Local actress Julie Tan, 28, took to TikTok to speak about her ongoing battle with self-harm and the state of her mental health.
In the 45-second clip posted last Saturday (Feb 20), she opened up while doing a make-up tutorial, visibly distraught at certain points.
"Whenever I am feeling depressed, there are voices in my head telling me I deserve to be punished," she wrote in the video's text overlay.
"So I would punish myself, I would bite my arms and slap myself. When I was younger, I used to cut myself, but due to work now, I can't afford to have scars."
The actress, who has close to 98,000 followers on the platform, has appeared in a number of local drama series and movies, notably as the lead in comedy-musical That Girl In Pinafore (2013).
She was also caught up in the crossfire of a scandal in August 2018, when veteran actress Hong Huifang blasted a WhatsApp message to say she was cutting fellow actress Pan Lingling out of her life.
Tan was named in the message as Hong was furious that Pan gossiped about a rumoured relationship between Hong's son, Calvert Tay, and Tan.
In her TikTok clip, Tan wrote: "It's been 10 months since I've hurt myself, but sometimes the emotions are so overwhelming. During tough times the urge to hurt myself is so strong. I will always tell myself don't give in to it, I need to be strong. But sometimes I am just tired of being strong."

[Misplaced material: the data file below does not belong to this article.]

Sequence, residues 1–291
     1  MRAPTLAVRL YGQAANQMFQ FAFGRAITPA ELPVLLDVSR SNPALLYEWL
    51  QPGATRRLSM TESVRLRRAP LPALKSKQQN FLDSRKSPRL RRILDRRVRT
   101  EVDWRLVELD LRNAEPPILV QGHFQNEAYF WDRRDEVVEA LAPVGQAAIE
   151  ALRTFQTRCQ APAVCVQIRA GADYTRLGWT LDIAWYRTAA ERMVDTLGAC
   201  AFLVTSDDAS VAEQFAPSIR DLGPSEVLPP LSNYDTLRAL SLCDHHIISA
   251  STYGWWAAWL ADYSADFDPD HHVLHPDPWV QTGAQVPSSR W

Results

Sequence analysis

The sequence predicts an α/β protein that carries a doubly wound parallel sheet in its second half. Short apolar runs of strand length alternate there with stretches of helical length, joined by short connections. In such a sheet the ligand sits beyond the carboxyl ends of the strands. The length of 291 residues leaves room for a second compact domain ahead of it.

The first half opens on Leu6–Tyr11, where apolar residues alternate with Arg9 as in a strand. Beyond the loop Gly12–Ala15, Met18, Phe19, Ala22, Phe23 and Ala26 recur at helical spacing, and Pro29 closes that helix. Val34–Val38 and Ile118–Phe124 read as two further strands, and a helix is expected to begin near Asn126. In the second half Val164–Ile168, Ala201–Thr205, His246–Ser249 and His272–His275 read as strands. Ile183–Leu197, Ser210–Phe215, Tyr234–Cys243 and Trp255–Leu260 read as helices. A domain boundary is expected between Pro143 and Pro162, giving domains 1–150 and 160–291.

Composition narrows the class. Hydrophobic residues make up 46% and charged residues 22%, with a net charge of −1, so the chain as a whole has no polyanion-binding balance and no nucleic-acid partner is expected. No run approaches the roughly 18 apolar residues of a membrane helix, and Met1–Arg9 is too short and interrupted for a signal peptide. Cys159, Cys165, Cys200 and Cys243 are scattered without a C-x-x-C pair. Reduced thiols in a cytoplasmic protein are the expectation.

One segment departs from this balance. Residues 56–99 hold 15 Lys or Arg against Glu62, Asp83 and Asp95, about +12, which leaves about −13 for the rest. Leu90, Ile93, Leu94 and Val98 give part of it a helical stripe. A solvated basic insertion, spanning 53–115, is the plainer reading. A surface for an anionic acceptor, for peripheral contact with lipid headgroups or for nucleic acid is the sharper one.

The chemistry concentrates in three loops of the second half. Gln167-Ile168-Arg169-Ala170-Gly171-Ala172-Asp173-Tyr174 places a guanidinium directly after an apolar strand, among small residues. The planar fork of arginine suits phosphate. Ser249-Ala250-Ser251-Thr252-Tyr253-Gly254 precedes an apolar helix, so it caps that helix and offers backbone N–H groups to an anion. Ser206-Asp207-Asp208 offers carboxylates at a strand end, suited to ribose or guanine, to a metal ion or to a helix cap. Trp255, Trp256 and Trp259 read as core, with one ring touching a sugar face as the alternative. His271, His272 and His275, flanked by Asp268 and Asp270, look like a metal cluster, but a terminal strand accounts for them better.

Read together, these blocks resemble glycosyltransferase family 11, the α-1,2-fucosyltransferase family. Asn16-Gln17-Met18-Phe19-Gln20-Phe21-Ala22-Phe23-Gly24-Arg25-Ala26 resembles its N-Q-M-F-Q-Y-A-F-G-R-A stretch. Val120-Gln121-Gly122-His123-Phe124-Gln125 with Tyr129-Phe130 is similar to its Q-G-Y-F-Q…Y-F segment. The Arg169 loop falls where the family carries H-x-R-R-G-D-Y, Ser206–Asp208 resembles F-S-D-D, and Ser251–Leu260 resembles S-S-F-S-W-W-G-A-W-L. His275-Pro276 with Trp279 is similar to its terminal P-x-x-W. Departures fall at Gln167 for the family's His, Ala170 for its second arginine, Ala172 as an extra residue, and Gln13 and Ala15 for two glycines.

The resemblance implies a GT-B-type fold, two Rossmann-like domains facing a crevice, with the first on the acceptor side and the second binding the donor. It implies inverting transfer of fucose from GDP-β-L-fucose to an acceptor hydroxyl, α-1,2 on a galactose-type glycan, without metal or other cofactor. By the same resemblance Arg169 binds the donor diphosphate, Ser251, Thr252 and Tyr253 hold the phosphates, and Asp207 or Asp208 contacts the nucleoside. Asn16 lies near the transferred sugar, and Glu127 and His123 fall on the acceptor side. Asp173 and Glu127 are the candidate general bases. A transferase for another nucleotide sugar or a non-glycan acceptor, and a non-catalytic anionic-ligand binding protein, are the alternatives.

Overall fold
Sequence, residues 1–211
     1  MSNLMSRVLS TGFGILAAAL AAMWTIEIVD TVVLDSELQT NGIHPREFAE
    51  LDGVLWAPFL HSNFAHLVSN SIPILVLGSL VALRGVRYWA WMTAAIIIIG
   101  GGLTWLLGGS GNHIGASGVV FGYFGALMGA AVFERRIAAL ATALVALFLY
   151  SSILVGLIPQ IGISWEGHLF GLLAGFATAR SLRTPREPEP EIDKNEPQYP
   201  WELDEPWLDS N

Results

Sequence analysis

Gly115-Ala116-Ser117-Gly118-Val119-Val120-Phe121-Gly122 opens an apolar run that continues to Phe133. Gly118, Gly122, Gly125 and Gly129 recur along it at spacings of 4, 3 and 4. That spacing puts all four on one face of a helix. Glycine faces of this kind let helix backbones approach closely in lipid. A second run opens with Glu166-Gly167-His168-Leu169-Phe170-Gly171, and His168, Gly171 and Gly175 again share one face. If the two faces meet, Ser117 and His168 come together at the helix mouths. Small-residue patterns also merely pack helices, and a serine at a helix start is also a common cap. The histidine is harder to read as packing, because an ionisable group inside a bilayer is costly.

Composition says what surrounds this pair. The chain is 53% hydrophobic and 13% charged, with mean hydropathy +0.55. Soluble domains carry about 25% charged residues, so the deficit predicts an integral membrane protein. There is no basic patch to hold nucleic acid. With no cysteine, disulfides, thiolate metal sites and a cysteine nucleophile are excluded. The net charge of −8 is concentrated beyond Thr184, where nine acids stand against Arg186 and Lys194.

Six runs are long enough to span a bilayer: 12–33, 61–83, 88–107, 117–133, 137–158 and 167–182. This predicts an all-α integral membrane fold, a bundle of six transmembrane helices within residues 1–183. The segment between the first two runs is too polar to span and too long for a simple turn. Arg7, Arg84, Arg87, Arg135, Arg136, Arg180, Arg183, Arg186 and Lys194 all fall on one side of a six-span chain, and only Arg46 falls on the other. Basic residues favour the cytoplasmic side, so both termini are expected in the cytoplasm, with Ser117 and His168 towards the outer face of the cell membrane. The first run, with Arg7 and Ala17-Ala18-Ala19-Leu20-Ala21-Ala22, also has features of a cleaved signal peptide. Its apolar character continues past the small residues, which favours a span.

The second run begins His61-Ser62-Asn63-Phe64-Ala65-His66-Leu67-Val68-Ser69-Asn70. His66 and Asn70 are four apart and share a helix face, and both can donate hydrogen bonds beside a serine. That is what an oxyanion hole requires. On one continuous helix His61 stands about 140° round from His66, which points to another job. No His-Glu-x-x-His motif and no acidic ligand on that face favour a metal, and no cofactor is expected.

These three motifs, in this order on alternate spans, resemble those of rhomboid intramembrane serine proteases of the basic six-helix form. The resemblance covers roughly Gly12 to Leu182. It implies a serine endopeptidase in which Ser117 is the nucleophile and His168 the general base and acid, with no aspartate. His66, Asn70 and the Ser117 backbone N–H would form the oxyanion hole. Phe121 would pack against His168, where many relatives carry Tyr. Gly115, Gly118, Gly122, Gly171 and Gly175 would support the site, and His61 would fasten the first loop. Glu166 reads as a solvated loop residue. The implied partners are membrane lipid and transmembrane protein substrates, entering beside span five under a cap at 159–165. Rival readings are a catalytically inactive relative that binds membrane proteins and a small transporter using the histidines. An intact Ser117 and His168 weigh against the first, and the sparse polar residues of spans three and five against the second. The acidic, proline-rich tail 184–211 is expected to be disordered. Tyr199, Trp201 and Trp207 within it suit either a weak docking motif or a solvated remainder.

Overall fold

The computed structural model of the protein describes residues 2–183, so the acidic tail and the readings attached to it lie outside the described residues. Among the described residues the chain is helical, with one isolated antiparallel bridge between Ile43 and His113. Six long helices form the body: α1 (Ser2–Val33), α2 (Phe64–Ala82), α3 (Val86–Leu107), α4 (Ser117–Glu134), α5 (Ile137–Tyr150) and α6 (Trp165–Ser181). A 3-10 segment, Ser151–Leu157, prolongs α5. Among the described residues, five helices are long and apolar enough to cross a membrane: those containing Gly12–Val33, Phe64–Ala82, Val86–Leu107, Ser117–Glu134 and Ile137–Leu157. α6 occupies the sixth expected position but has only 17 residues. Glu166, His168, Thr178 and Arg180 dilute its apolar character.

In an interview with The New Paper on Friday (Feb 26), she opened up further, revealing that her emotional problems originated from "childhood trauma".
Her mother had difficulties expressing her emotions appropriately and they had sought therapy together when she was between the ages of seven and 12.
Tan, who had also revealed in the past that her former boyfriend had verbally and physically abused her, sought help again in her early 20s due to the pressure of being in the limelight as a celebrity.
She also spoke to Lianhe Zaobao on Thursday, revealing that one of the reasons she had left Mediacorp in 2017 was her inability to control her emotions while filming.
She said she turned to a mental healthcare app, Safe Space, for professional help in 2019.
The New Paper spoke to Ms Evonne Lek, a systemic psychotherapist and family therapist at Reconnect Psychology & Family Therapy, who praised Tan's bravery and openness.
She added: "We want to change the stigma that the sharing of mental health struggles is weak. In fact, it is incredibly powerful."
Tan's clip, which has been viewed more than 72,000 times, has garnered 4,600 likes and almost 600 comments, mostly supportive.
She also received private messages from people who shared their own struggles with her, as well as comments from teens that she believes are cries for help.
She said: "It's really awesome to see everyone has such strength from within to carry on, which really motivates me to be a better person."